The supporting cast around Crosby, Malkin, and Letang is as good as it has been since the back-to-back Stanley Cups. They go four deep at center, they can roll four lines, and while the defense is not exceptional and has its flaws, it is still very good. Certainly good enough to compete if they just get some goaltending. If you can see that and still think you need to make sweeping changes you are not acting rationally, you are just making knee-jerk changes for the sake of changes.
This team does not need a teardown, or a shakeup, or a break up.
It needs goaltending first and foremost. It needs to navigate the expansion draft and figure out who goes to Seattle. And if an opportunity to improve presents itself, it should be explored. But beyond that? It should not be looking to dismantle things. It needs the rationality that does not always exist after a postseason loss to know why they did not win.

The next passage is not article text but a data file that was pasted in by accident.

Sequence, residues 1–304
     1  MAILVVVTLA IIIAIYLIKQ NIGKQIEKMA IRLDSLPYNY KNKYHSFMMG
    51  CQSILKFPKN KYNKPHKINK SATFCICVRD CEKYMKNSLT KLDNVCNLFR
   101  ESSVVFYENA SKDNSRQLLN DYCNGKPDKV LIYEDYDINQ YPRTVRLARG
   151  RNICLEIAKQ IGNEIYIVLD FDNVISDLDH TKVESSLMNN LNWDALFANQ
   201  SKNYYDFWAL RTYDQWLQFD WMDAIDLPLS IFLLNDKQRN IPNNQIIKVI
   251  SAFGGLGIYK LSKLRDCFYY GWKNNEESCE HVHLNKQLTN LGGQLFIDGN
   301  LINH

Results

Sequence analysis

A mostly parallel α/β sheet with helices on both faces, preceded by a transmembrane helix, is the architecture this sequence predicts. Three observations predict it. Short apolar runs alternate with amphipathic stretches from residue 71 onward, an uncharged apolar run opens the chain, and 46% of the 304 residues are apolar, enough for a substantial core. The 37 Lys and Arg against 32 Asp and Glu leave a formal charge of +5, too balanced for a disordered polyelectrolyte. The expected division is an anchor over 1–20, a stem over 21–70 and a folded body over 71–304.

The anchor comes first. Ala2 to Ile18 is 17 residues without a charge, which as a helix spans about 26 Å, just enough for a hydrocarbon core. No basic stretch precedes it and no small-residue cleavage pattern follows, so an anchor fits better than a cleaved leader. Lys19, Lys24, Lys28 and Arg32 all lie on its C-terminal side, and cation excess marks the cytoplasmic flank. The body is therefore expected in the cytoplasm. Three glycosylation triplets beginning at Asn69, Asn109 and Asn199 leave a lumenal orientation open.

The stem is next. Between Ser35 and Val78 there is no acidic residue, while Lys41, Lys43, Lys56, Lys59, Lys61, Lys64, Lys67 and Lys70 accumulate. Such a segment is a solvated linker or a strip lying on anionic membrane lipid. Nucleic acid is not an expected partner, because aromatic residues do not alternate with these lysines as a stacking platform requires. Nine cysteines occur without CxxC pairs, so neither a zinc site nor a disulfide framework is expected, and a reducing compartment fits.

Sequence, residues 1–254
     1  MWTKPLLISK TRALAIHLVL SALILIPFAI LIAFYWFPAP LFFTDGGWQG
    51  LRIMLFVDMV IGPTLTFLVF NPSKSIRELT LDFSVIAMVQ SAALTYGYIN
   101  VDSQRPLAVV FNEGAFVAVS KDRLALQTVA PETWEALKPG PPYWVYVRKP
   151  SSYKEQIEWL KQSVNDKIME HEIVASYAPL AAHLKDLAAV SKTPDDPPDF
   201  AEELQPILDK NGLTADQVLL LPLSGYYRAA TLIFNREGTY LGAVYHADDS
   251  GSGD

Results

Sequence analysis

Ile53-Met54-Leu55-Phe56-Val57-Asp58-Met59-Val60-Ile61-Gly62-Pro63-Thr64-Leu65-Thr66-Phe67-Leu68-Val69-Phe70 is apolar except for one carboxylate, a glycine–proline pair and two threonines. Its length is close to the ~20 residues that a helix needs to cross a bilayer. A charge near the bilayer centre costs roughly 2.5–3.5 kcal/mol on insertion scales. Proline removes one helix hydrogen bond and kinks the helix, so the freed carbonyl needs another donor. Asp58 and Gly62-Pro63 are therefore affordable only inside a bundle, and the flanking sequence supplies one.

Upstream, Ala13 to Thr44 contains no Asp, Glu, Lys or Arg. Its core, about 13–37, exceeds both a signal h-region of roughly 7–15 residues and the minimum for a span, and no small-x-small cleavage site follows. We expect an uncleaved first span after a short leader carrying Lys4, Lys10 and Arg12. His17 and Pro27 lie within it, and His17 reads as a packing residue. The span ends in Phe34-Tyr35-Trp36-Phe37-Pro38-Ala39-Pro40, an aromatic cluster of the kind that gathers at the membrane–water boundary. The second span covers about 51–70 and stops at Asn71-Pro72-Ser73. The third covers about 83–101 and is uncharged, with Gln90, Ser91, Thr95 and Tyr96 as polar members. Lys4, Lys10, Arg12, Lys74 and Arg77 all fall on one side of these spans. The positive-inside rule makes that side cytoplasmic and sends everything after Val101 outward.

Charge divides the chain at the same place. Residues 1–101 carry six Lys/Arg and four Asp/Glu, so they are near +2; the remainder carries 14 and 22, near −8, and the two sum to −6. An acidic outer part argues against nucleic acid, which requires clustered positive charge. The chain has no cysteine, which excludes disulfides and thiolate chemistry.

Goaltending. It will cover the flaws you do have, and it will make you think you have flaws that do not exist.
If the Penguins are not careful with how they approach this offseason they could find themselves being blinded by the latter, and fully closing their championship “window” before they need to do so.
# Jordan Staal’s been a beast for Hurricanes vs. Predators
Here’s something rare for Jordan Staal as his Hurricanes try to close out the Predators in Game 6 on Thursday (9:30 p.m. ET; NBCSN): you don’t need to dig that deep to measure his impact.
Merely glance at the simplest stats and highlights, and you’ll notice that Staal’s been a difference-maker. Maybe even the type of difference-maker he seemingly craved to be when he departed the star-studded Penguins many moons ago.
As you can see in the highlights above, Jordan Staal scored the Game 5 overtime-winner, and gave a celebration worthy of such an accomplishment.